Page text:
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Donald Trump insists Spain should ‘build the wall’ – across the Sahara

Donald Trump insists Spain should ‘build the wall’ – across the Sahara

Donald Trump recommended the Spanish government another solution to solve the migrant crisis – to build the wall across the Sahara desert o avoid the flow of illegal migrants to Europe. As Guardian understood, the US leader is thought to have made his frontier recommendation when Borrell accompanied King Felipe and Queen Letizia to the White House in June.

Donald Trump tackled the Mediterranean migration crisis by emulating one of his most famous policies and building a wall across the Sahara desert, said the Spanish foreign minister. Mr Trump also brushed off the scepticism of Spanish diplomats regarding the wideness of the Sahara, saying: “The Sahara border can’t be bigger than our border with Mexico.”

In fact, the border between the US an Mexico is roughly 2,000 miles long, while the Sahara’s is 3,000 miles. The American fencing experience will not work with Spain that holds only two small enclaves in north Africa – Ceuta and Melilla – and such a wall would have to be built on foreign territory.

Foreign minister Borrell’s comments were made at a lunch event in Madrid this week and widely reported in the Spanish media.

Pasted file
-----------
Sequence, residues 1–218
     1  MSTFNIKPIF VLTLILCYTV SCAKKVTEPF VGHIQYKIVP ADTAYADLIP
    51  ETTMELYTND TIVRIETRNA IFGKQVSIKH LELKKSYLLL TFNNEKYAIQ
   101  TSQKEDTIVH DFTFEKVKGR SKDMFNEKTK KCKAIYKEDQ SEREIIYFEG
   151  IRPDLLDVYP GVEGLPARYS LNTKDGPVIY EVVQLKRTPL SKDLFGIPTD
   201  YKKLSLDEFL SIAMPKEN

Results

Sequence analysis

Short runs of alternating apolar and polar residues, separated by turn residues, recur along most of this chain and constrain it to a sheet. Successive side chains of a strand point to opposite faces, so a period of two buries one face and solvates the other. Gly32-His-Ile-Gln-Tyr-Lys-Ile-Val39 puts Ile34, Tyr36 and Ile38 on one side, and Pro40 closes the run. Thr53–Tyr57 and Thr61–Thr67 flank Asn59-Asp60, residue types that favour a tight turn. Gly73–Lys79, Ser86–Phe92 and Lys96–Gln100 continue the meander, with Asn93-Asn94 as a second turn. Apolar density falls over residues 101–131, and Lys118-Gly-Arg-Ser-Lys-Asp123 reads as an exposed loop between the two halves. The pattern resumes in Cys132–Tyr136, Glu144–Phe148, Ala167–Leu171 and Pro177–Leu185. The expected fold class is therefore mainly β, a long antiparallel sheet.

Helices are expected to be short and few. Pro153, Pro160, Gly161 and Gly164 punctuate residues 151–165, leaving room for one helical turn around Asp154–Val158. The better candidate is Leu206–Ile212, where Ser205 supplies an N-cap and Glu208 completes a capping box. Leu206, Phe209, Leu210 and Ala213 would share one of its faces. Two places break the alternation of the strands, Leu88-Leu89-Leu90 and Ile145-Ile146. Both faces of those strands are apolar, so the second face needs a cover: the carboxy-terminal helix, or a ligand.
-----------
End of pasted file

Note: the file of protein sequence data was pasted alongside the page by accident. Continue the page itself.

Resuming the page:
“We can confirm that’s what the minister said, but we won’t be making any further comment on the minister’s remarks,”

said a spokesman for the foreign ministry.

Spain as the frontline of the EU migrant crisis

In 2018, more than 33,600 migrants and refugees arriving by sea, and 1,723 dying in the attempt to reach Spanish shores. This year, Spain is overtaking Italy and Greece as the main destination for migrants crossing the Mediterranean. But the high number of arrivals on Spain’s southern coast has strained reception facilities and infrastructure. The issue has also been used as a political weapon by rightwing parties who accuse PM’s government of double standards and of being too soft on immigration.

Borrell, a former president of the European Parliament, spoke at the event in Madrid this week. In particular, he said that Spain’s sorted the economic problem, but not the migration problem because it’s an emotional problem and not one you fix with money.

“European societies aren’t structured to absorb more than a certain percentage of migrants, especially if they are Muslims,”

he added.